How they see us: Will America back democracy in Egypt?

The U.S. has to choose between continuing to support corrupt, authoritarian regimes that suppress the majority of people or standing up for Arab democracy.

The U.S. stands at a crossroads, said Abd-al-Bari Atwan in the London-based Al-Quds Al-Arabi. For decades, it has propped up the undemocratic Egyptian regime of President Hosni Mubarak with more than $1 billion a year in aid. Washington was content to ignore human-rights abuses and political repression as long as its ally agreed to play nicely with Israel—and keep the Islamists from coming to power. But those days are over. Egypt is erupting, and other oppressive dictatorships allied with the U.S., such as Yemen, could also soon be in the throes of regime change. The U.S. now has to choose between continuing to support regimes that are responsible for “corruption, oppression, muzzling the people, and brutal violations of human rights” or standing up for Arab democracy. It shouldn’t be a tough choice. Momentum—and justice—are with the people.

Washington knows that Mubarak’s days are numbered, said Lebanon’s Daily Star in an editorial. American leaders are “giving every hint possible that they want him to go without telling him explicitly to move on.” But the belated about-face won’t fool the Egyptian people. “Decades of double standards based on support for anti-democratic regimes, under the pretext of security, cannot be erased” so easily. For now, the U.S. should simply “stay out of the drama that is unfolding in the land of the Nile and avoid provoking the situation.”

American “mixed signals” toward the protests are an insult, said Adel Iskander in Egypt’s Al-Masry Al-Youm. The Mubarak regime “lost the last bit of legitimacy it may have possessed” when it sent the police out en masse to brutalize demonstrators. Of course, that violence “should come as no surprise.” Egypt has long poured its state resources into “building the largest police force in the region”—twice the size of the army—and making its sole task to “torture, subdue, and oppress its own people.” But we the people are no longer passive. Whether we call it “the Lotus Uprising, the Bread Intifada, or the Anger Revolution,” one thing is clear: Egyptians of all ages, classes, and religions have risen up.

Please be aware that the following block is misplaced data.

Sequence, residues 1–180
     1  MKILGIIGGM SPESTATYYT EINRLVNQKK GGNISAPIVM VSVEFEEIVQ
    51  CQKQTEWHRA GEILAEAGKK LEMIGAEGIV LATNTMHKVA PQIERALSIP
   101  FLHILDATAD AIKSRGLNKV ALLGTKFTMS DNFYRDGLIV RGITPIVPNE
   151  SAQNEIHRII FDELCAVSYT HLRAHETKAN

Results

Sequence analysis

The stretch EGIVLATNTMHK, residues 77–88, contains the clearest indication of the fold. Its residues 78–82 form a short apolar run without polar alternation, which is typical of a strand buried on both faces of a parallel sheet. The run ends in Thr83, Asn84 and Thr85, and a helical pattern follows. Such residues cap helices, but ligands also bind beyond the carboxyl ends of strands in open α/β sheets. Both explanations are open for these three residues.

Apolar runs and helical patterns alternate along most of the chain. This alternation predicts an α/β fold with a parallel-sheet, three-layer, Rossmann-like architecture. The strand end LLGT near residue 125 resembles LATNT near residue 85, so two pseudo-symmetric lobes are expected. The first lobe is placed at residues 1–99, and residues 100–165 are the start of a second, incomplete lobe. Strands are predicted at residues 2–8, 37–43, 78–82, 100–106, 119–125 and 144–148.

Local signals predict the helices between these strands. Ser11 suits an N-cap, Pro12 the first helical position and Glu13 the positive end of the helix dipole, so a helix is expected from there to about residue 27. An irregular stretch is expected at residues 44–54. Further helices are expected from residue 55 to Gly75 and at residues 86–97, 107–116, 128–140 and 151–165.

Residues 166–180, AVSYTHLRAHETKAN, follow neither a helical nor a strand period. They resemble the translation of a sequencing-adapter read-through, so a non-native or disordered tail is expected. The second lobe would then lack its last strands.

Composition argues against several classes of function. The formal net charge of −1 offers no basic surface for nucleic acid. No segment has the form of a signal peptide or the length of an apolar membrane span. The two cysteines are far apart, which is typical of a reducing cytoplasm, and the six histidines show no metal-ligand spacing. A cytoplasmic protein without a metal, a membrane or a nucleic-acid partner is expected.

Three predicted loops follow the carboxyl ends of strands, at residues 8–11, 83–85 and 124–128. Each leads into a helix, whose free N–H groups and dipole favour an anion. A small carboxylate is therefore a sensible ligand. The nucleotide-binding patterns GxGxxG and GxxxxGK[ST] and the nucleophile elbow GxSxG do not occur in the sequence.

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And it’s not just Egyptians, said Taher al-Adwan in Jordan’s Al-Arab Al-Yawm. Spurred by Tunisia’s Jasmine Revolution and inspired by Egyptians’ bravery, Arab peoples are also awakening in Algeria, Sudan, Jordan, and Morocco. The authoritarian regimes “rendered freedom and bread the monopoly of a small ruling handful,” while the majority of people have been “ground down by the misery of seeking their daily livelihood.” Enough! “Sweeping, fiery currents have accumulated under the surface in Arab society” during these decades of repression, and these are now bursting out in demonstrations for freedom and democracy. The Middle East will never be the same.

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